Nutritional status was determined using World Health Organization growth charts, and analysed as weight-for-age z-scores (WAZ). Based on their clinical presentations, participants were categorised into three groups as follows: (i) febrile children with no other symptoms or signs (FWS); (ii) febrile children with localised symptoms or signs (focal infection); or (iii) febrile children with SIRS (heart and respiratory rates >2SD). The data were collected and analysed using Epi Info version 3.5.1 (Centers for Disease Control and Prevention, USA). Statistical analysis was also done using the χ2 test and Fisher's exact test. Statistical significance was set at p<0.05.
A total of 438 febrile children aged 29 days to <5 years presented to the Children's Outpatient Clinic at UPTH during clinic hours, over the 15-week study period. Seventy-four (16.9%) children who had taken antibiotics within 3 days of presenting to the clinic and 2 (0.5%) children whose parents did not give consent were excluded, leaving 362 febrile children included in the study. There were 186 (51.4%) males and 176 (48.6%) females, and the median age was 18 (interquartile range (IQR) 9 - 28) months. A total of 285 (78.7%) children had normal nutritional status (WAZ -2 - 2). The median WAZ was -0.28 (IQR -1.3 - 0.7). The mean (SD) axillary temperature of the study population was 38.2°C (0.6°C) (range 37.5 -40.8°C). Twenty-seven (7.5%) children presented with isolated fever, 323 (89.2%) presented with focal infection, and SIRS occurred in 12 (3.3%). Overall, 32 (8.8%) children had positive blood cultures and organisms isolated, including Staphylococcus aureus 18 (56.5%), Pseudomonas aeruginosa 5 (15.6%), Escherichia coli 4 (12.5%), Klebsiella spp. 3 (9.4%), Proteus spp. and Streptococcus spp. 1 (3.1%). The prevalence rate of bacteraemia increased with poor nutritional status and was significantly higher (p=0.01) in severely malnourished children (Table 1).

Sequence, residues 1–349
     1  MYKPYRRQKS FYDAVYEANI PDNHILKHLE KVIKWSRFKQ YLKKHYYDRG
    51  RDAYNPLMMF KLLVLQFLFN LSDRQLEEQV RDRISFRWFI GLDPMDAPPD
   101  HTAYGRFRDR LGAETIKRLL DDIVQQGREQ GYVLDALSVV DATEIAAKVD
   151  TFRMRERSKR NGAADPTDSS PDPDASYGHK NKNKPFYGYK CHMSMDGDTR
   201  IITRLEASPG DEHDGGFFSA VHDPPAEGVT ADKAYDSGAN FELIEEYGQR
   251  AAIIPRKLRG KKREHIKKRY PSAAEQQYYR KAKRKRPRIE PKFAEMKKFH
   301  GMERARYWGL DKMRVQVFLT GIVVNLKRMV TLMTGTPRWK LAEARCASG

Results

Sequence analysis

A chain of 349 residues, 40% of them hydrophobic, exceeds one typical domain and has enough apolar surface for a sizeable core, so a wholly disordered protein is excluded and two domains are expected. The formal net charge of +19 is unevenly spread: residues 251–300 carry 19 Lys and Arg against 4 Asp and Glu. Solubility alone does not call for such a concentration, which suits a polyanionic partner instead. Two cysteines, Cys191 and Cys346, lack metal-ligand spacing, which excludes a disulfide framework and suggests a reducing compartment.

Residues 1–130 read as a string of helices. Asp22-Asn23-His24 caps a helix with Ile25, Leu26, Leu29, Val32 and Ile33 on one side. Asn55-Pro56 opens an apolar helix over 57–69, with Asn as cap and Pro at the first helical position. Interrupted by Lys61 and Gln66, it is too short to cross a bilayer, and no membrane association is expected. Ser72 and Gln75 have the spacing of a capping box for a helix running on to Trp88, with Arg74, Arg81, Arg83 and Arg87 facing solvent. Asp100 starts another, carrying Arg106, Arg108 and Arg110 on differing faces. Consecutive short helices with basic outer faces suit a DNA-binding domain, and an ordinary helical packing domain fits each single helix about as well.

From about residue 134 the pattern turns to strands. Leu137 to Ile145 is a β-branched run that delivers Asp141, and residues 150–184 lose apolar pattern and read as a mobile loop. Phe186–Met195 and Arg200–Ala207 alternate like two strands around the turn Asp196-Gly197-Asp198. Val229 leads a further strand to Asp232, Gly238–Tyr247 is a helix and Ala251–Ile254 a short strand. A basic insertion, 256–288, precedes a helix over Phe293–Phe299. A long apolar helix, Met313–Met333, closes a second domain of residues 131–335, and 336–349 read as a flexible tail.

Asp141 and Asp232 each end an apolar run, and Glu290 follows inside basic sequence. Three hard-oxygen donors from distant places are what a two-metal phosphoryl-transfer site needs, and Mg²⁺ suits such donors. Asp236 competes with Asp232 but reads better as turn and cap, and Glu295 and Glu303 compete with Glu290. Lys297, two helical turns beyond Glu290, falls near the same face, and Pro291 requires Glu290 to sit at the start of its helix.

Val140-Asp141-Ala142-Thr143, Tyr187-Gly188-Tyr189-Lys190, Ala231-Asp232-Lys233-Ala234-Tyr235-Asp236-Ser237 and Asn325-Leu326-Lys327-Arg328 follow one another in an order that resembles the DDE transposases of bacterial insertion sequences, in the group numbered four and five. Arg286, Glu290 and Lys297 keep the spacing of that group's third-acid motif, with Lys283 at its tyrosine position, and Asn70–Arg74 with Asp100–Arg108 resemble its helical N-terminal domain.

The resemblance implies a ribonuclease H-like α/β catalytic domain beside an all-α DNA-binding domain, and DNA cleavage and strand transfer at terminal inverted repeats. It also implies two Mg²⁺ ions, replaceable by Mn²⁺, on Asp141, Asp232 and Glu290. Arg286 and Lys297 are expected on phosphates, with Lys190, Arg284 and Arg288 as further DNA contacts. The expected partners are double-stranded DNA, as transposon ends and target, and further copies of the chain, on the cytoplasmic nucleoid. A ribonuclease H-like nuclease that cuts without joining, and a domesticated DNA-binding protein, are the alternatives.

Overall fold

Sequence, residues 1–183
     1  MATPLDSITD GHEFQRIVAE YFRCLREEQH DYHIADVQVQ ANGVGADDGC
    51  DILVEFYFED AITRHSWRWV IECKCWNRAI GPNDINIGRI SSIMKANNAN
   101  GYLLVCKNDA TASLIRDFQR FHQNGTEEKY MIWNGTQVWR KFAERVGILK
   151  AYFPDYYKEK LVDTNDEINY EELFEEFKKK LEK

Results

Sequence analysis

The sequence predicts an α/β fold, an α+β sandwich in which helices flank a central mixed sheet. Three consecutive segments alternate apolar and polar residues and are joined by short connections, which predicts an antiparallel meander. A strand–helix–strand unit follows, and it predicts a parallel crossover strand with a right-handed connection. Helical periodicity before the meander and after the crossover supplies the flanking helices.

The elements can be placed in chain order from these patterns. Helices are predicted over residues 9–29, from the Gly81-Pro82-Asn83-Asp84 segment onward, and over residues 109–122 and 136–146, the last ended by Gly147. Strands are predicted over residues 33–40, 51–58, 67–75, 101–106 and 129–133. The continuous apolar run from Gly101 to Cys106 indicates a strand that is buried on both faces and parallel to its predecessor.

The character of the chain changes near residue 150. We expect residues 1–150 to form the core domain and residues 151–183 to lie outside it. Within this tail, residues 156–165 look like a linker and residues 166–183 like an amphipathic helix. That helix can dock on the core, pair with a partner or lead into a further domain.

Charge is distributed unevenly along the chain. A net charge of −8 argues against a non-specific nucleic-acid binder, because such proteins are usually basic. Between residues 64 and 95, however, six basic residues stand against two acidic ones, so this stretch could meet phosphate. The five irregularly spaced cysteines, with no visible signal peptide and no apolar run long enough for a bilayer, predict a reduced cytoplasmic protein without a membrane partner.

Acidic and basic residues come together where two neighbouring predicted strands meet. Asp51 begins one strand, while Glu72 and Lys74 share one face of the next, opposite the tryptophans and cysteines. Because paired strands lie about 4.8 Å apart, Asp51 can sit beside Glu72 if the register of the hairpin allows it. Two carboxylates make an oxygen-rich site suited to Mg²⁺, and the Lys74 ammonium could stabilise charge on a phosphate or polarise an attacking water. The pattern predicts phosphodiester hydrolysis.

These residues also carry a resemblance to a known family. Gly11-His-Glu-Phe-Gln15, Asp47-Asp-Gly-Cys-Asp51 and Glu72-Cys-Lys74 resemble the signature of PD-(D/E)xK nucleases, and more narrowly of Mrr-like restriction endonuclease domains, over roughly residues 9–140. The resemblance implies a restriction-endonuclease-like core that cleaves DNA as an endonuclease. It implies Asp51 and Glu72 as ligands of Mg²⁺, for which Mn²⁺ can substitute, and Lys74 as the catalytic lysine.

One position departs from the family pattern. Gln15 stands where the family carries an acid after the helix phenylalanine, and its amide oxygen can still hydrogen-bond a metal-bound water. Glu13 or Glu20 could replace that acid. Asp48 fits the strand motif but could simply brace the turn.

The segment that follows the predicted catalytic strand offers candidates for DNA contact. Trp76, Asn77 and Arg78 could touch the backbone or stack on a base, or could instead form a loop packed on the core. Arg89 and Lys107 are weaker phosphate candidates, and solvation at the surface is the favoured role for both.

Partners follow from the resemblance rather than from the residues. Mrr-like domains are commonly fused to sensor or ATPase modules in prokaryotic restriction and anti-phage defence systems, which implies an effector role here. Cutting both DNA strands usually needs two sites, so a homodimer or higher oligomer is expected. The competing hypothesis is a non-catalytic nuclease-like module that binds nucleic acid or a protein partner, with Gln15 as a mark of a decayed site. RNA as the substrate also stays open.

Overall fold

Children with SIRS had the highest bacteraemia prevalence rate (66.7%), while children with FWS had the lowest (3.7%) (Table 2).
The difference in their prevalence rates was statistically significant (p<0.001).
Children with temperature >40°C (hyperpyrexia) had the highest prevalence of bacteraemia (12.5%). The observed relationship between fever and presence of bacteraemia was not statistically significant (Table 3).
The prevalence of bacteraemia in our cohort of under-5 febrile children increased significantly with decreasing weight for age, similar to findings noted by Berkowitz. He reported a bacteraemia prevalence of 8.3% among severely malnourished hospitalised SA children, compared with 4.8% among their well-nourished counterparts. Reed et al.also reported a bacteraemia incidence rate of 9.6% in all malnourished children, and 11% in those with severe malnutrition in a rural SA cohort. In Kenya, Berkley et al. found that bacteraemia was significantly associated with malnutrition in children, particularly in those who were severely malnourished. It has been noted that with malnutrition, there is diminished lymphocyte, macrophage and granulocyte function. In malnutrition, there is also reduced complement activity and antibody response to infection, predisposing to infection.